Exactly one year after a coffin containing a mystery child from the 1800s was uncovered in San Francisco, the girl's identity has been found and was revealed Tuesday.
Thanks to a mix of detective work and Bay Area technology, researchers now know the name of a nearly 3-year-old girl found clutching a single rose inside a Victorian-era coffin is Edith Howard Cook. Not only do they know who she was, but also that she was born November 28, 1873, and died October 13, 1876.
After the girl was uncovered May 9, 2016, in the backyard of a Richmond district residence, officials from the nonprofit Garden of Innocence called her Miranda Eve and held a service and burial at a Colma cemetery. Now, her headstone will be turned around and engraved with her proper name.
"It's a joy to give her a name," said Elissa Davey, founder of Garden of Innocence. "Let her have her name back."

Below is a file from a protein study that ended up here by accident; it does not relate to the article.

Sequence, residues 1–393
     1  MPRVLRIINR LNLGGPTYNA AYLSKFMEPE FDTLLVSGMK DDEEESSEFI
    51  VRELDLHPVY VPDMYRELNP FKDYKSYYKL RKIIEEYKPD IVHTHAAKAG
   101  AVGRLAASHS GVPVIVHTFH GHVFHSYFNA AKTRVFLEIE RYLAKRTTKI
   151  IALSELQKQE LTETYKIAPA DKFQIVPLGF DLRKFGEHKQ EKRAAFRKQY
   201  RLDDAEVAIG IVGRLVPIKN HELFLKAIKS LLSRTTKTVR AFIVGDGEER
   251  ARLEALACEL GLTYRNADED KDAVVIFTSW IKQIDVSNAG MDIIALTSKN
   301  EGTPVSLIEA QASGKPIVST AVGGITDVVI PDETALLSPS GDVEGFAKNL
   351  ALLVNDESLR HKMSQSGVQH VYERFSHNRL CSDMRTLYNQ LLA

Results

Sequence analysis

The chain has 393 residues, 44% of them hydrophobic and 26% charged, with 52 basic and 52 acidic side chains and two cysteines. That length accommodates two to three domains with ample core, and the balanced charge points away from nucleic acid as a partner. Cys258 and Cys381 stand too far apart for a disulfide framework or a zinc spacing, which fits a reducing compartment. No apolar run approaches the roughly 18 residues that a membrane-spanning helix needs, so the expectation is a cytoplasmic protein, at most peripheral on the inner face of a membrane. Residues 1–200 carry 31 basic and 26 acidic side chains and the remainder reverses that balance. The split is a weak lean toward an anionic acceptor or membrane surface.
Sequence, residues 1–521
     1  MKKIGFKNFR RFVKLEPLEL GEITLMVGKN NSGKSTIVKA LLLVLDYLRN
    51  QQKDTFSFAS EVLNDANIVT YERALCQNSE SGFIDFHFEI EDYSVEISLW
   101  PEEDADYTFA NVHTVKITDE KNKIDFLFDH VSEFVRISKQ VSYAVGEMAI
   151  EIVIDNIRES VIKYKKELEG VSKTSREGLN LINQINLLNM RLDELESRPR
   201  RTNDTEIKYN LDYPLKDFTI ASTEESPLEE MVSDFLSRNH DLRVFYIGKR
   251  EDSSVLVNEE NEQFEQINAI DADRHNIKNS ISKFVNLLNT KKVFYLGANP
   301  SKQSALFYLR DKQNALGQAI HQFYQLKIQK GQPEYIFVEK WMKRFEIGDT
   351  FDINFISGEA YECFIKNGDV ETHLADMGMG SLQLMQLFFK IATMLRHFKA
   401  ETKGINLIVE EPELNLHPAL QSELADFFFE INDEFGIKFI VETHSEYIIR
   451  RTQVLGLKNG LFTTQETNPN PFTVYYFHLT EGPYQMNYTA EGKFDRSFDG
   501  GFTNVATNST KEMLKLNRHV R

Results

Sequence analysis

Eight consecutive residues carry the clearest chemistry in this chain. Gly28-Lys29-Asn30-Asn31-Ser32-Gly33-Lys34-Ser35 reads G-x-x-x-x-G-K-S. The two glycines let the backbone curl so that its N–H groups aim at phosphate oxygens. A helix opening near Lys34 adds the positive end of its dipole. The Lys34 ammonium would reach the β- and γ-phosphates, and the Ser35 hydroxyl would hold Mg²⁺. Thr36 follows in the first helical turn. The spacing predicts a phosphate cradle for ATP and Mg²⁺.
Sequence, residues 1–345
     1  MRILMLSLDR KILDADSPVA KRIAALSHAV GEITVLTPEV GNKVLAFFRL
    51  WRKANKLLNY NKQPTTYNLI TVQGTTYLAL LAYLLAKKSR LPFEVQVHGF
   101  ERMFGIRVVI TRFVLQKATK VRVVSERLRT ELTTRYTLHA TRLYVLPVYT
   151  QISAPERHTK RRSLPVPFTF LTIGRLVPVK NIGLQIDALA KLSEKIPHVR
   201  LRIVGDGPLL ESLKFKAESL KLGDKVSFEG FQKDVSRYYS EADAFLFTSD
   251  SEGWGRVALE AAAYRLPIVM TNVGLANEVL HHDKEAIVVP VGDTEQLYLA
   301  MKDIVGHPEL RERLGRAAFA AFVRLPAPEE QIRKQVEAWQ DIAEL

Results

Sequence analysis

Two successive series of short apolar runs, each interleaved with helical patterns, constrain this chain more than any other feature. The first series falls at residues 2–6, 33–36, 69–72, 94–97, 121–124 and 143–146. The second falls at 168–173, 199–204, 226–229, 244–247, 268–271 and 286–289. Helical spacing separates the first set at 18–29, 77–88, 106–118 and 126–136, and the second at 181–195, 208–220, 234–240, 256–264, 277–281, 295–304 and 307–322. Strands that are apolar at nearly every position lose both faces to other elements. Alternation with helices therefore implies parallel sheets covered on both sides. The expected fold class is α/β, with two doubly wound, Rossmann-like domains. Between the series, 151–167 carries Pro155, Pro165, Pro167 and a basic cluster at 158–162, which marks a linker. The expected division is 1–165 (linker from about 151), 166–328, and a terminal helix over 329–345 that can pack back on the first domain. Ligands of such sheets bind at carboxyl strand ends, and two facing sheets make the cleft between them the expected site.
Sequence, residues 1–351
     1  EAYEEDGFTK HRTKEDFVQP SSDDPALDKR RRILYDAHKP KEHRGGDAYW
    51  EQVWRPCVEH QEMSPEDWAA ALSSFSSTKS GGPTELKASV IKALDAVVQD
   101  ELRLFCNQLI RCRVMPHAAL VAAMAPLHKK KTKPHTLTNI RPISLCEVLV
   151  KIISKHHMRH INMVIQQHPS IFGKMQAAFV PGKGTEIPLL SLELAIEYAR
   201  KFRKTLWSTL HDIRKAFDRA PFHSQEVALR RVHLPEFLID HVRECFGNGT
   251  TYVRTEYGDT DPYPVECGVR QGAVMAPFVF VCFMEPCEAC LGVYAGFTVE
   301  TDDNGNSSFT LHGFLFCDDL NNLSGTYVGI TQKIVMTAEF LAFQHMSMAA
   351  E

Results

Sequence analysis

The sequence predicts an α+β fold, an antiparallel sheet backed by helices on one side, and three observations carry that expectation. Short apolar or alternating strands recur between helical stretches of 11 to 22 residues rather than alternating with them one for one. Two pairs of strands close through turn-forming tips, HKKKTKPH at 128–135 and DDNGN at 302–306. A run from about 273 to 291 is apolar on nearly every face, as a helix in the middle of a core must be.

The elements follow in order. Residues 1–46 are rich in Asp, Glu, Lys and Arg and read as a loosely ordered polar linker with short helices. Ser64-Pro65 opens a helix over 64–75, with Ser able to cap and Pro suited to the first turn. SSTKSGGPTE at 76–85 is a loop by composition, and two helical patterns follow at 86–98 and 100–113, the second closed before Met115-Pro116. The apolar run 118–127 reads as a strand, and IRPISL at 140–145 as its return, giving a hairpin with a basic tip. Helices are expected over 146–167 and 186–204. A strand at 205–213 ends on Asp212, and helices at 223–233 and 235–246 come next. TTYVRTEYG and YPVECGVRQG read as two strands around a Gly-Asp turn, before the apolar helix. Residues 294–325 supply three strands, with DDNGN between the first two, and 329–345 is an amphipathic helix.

Ericka Karner, who owns the home where the girl was found, said she was doing some remodeling when workers came across the small coffin.
"It was a little challenging for us to figure out how to manage this," Karner said.
So she turned to Garden of Innocence, which discovered that Edith was buried here when Ulysses S. Grant was president. Then, they turned to a UC Santa Cruz DNA expert. Part of the challenge was that researchers there decided to use DNA technology that’s fairly new.
"We have a clean room lab for DNA work where we can extract DNA, in this case from a small amount of human hair," said Ed Green, professor of engineering.
Ultimately, they found a match, a great nephew in Marin County, and soon after the child’s proper name.
"I feel like now we have closure, and we know who this little girl was," Davey said. "Everybody needs a name. A name is a dignity everybody deserves. Her parents lovingly gave her a name. It got lost in the process somewhere. Now, she's got it back."
Garden of Innocence has reached out to Edith's family. They say they're planning a memorial service for Edith in June.